New Jersey legislation to cap the amount hospitals can charge for involuntary out-of-network services would lead to operating losses at hospitals across the state and could cause some to take on severe cost-saving measures, including staff layoffs or mergers with competitors, according to a study commissioned by a for-profit hospital system.
In an emergency, patients often don't get to choose where an ambulance takes them. Some inevitably end up at an out-of-network hospital and rack up a massive medical bill.
Under New Jersey law, patients who involuntarily receive emergency care from a hospital outside of their health plan's network are responsible for paying only the portion of costs they would have been charged for similar in-network care. The rest of the bill is footed by that patient's health plan.
Insurers argue that because the state doesn't regulate how much hospitals can charge for out-of-network care, insurers are forced to pay whatever the hospital demands, even if excessive.
Legislation being debated in the New Jersey Assembly, known as the Out-of-network Consumer Protection, Transparency, Cost Containment and Accountability Act, or A1952, seeks to cap what hospitals can charge for involuntary out-of-network care between a range of 90% to 200% of the price that Medicare pays for the same service.
According to a study conducted by RAND Corp., hospitals rely heavily on the payments from involuntary out-of-network services, which are about double the rate of in-network services. While such involuntary charges account for less than 20% of hospitals' total commercial revenue, they make up almost 40% of hospital profits for treating commercially insured patients.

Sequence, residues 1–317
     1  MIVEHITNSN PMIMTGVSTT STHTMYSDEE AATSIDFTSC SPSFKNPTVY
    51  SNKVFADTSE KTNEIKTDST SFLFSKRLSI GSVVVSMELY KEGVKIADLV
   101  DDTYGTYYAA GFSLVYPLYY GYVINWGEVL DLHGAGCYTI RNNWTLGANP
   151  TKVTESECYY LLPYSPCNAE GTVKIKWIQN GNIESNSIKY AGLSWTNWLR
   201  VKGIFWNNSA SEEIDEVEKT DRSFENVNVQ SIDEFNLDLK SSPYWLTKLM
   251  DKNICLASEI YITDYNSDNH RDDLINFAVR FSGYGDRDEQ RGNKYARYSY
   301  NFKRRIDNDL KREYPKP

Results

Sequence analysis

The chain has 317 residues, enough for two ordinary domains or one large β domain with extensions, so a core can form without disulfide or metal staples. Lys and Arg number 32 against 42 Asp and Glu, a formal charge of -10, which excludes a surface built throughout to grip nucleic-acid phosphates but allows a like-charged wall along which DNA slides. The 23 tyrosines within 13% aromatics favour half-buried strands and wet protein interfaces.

The study, which was commissioned by for-profit New Jersey health system CarePoint Health, estimates that implementing the legislation would reduce New Jersey hospital payments from commercial health plans by 6% to 10%. That would lead to an operating loss at 48% to 70% of hospitals, depending on how high the cap is set, researchers found.
If the cap on out-of-network charges is limited to 90% of Medicare rates—the lowest end of the range—less than a third of hospitals in the state would remain profitable, the study estimated.
“Hospitals live off the margins from these out-of-network payments,” said Soeren Mattke, senior scientist at RAND and lead author of the study. “If you take them away as the law proposed, you put a good chunk of them in an operating loss.”
The legislation would also weaken the hospital's power to negotiate with insurers over rates for in-network services, researchers said. Without the looming threat of high out-of-network charges, health insurers are likely to seek lower in-network rates.
If the cap is implemented, “It's possible that some (hospitals) may have to close,” Mattke said, though he added it's difficult to predict how providers will react. Most will have to find ways to cut costs, such as layoffs or closing the community clinic, he said.
Surprise out-of-network medical bills have gained attention from lawmakers nationwide, and there's a growing trend among states to limit what hospitals and doctors can charge for out-of-network bills incurred voluntarily. Several states, including California, Connecticut, Florida and New York, have passed legislation to protect patients from surprise bills and require health plans and hospitals to set up an arbitration process to work out any payment issues.
“Different states have solved that problem in different ways, and some have put more of an onus on providers and more on health plans or split the difference,” said Mark Hall, a senior fellow at the Brookings Institution. New Jersey's proposal of arbitration and payment caps, he said, is “a thoughtful approach.”
The bill has been highly contentious. It was the second-most lobbied piece of legislation in the state in the first half of 2016, following only behind the state budget bill, according to the New Jersey Election Law Enforcement Commission.
The New Jersey Hospital Association argues the legislation unfairly favors health insurers.
“We cannot yield on a bill that props up insurance companies to the detriment of the hospitals and physicians that care for the people of New Jersey,” Betsy Ryan, president and CEO of the New Jersey Hospital Association, said in an Oct. 27 statement about the legislation.
A spokesman for CarePoint Health, which paid for the RAND study, declined to comment on the bill but said “it was important to commission an unbiased study” to study “out-of-network legislation and its impact on the well-being of community healthcare in New Jersey.”